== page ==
By Rachel Reynolds, Legal Assistant, Collins Law Firm

Commercial Driver’s License

Saturday, February 22nd, 2014

A Commercial Driver’s License (CDL) is a special driver’s license for those wishing to drive larger vehicles. Every driver is required to hold a CDL to legally operate any vehicle that meets

one or more of these conditions:

– has a gross vehicle weight rating or combination GVWR greater than 26,000 pounds;

– is designed to transport 16 or more passengers, including the driver; and/or

– is transporting a hazardous material or cargo that requires placards.

Possession of a CDL is considered a privilege for drivers and it requires those drivers to abide by other rules in addition to the normal traffic regulations. These include certain violations committed in a Commercial Motor Vehicle (CMV) and those committed in their personal vehicle. Violations to these rules can generally cause a suspension or revocation of your CDL privileges.

A major driving violation that will significantly effect your CDL is Driving While Impaired and other alcohol related offenses

Driving While Impaired (DWI): For commercial drivers in North Carolina, it is illegal to operate any commercial vehicle while under the influence of an impairing substance or with blood-alcohol concentration of .04 percent or higher. DWI is a criminal offense resulting

in a loss of driving privileges for one year following the first conviction and lifetime driver license revocation upon the second conviction, plus court fees (N.C. General Statute 138.1).

NCGS 20-138.2. Impaired driving in commercial vehicle:

(a) Offense — A person commits the offense of impaired driving in a commercial motor vehicle if he drives a commercial motor vehicle upon any highway, any street, or any public vehicular area within the state:

(1) While under the influence of an impairing substance; or

(2) After having consumed sufficient alcohol that he has, at any relevant time after the driving, an alcohol concentration of 0.04 or more. The results of a chemical analysis shall be deemed sufficient evidence to prove a person’s alcohol concentration; or

(3) With any amount of a Schedule I controlled substance, as listed in NCGS 90-89, or its metabolites in the driver’s blood or urine.

Some others include:

  • Driving While Impaired (BAC of 0.06) in a Commercial Motor Vehicle
  • Driving While Impaired (BAC of 0.04 or 0.05) in a CMV
  • Leaving the scene of an accident involving a CMV you were driving
  • Using a CMV to commit a felony
  • Vehicular manslaughter offense occurring while operating a CMV
  • Driving a CMV during a period your CDL was revoked, suspended, cancelled, or disqualified

A second conviction of any of these offenses will result in a lifetime suspension of your CDL and if any of these offenses occur while you are driving a CMV that is placarded for hazardous materials, your CDL will be disqualified for a minimum of three (3) year.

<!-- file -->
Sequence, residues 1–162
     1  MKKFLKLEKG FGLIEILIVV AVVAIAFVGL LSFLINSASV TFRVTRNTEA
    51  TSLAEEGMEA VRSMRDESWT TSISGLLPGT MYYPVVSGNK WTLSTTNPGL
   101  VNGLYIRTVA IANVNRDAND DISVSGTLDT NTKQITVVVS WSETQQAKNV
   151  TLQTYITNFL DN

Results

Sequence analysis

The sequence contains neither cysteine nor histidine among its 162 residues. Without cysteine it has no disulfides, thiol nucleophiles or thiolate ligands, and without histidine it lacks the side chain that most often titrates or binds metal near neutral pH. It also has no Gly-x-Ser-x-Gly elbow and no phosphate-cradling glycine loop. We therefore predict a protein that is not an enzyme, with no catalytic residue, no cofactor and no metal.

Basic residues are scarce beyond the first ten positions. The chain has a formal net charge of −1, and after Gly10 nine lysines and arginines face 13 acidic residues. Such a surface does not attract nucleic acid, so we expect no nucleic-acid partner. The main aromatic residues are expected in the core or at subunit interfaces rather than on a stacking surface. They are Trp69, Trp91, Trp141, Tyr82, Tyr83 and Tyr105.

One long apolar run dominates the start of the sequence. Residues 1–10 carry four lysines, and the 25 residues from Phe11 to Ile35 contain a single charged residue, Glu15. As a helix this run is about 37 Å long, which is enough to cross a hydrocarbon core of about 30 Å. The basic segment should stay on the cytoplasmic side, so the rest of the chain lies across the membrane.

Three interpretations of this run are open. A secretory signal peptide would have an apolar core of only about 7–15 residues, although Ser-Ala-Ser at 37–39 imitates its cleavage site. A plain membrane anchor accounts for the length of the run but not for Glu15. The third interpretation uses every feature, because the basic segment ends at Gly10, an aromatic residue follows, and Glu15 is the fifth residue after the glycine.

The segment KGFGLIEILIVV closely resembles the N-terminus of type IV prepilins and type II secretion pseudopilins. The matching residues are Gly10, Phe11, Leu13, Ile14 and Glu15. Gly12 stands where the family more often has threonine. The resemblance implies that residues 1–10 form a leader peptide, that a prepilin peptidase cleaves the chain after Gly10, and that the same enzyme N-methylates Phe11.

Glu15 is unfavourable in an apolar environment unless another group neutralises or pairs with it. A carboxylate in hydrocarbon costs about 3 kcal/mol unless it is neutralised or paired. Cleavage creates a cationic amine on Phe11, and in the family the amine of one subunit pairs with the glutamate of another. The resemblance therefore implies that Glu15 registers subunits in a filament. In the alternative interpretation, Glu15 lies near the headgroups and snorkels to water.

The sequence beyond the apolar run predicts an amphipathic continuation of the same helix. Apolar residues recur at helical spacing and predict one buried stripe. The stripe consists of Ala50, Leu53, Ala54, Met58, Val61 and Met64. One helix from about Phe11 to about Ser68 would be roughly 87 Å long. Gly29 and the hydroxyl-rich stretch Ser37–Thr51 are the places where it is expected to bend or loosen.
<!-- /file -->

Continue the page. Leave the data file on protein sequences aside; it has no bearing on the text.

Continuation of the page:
If you use a CMV to commit a felony involving controlled substances your CDL will be disqualified for life.

A person can also be suspended from driving a CMV for 60 days if you are convicted of two “serious traffic violations” within a three-year period and for no less than 120 days if convicted of three or more serious traffic violations. Some examples of serious traffic violations are:

  • Excessive speeding (15mph or more above posted speed limit)
  • Reckless driving
  • Following too close
  • Erratic lane changes
  • Traffic offenses committed in a CMV in connection with fatal traffic accidents
  • Driving a CMV without obtaining a CDL
  • Driving a CMV without having your CDL in your possession

These traffic violations also carry a heavier point system when dealing with a CDL. For example, if a person with a regular license is convicted of Reckless Driving then they will receive 4 DMV points, however if a person with a CDL is convicted of Reckless Driving then they will receive 5 DMV points.

Another important fact to note is that if you carry a CDL and you are charged with a serious violation in your own personal vehicle (non-CMV), it still may affect your CDL if convicted. So, if you or someone you know has been charged with a violation while possessing a CDL, or was charged while driving a CMV, then please call Collins Law Firm at 910-793-9000 for a confidential consultation.


By Rachel R. Reynolds

Snow Days

Tuesday, January 28th, 2014

”Let it snow, let it snow, let it snow” is the chant all the New Hanover County kids are chanting this morning as they await their winter wonderland. In anticipation of inclement weather New Hanover, Pender, Brunswick, Columbus, Bladen, and other surrounding counties have all cancelled school today and will probably do the same for tomorrow. In addition to schools being cancelled, many courts are closed as well.

While hopes are to get the fun and exciting snow, for now it seems that it is just a lot of sleet and ice. This can cause for slick and dangerous roads, especially for those who are not familiar with driving in these types of conditions. A good rule of thumb is to just stay off the roads, however if you must go out driving here are a few tips for safe driving:

1. Decrease your speed and leave yourself plenty of room to stop

2. When braking, brake gently to avoid skidding and if your wheels start to lock up then ease off the break.

3. Turn your lights on to increase your visibility to other motorists.

4. Keep your lights and windshield clean.

5. Use lower gears to keep traction, especially on hills.

6. Don’t use cruise control or overdrive

7. Be especially careful on bridges, overpasses and infrequently traveled roads, which will freeze first. Even at temperatures above freezing, if the conditions are wet, you might encounter ice in shady areas or on exposed roadways like bridges.

Be careful on the roads and avoid any unnecessary trips out of the house, yet if you or someone you know finds yourself in an accident or with a citation during this arctic takeover, then please contact us at Collins Law Firm at 910-793-9000910-793-9000 for a confidential consultation.

By Rachel Reynolds, Paralegal at Collins Law Firm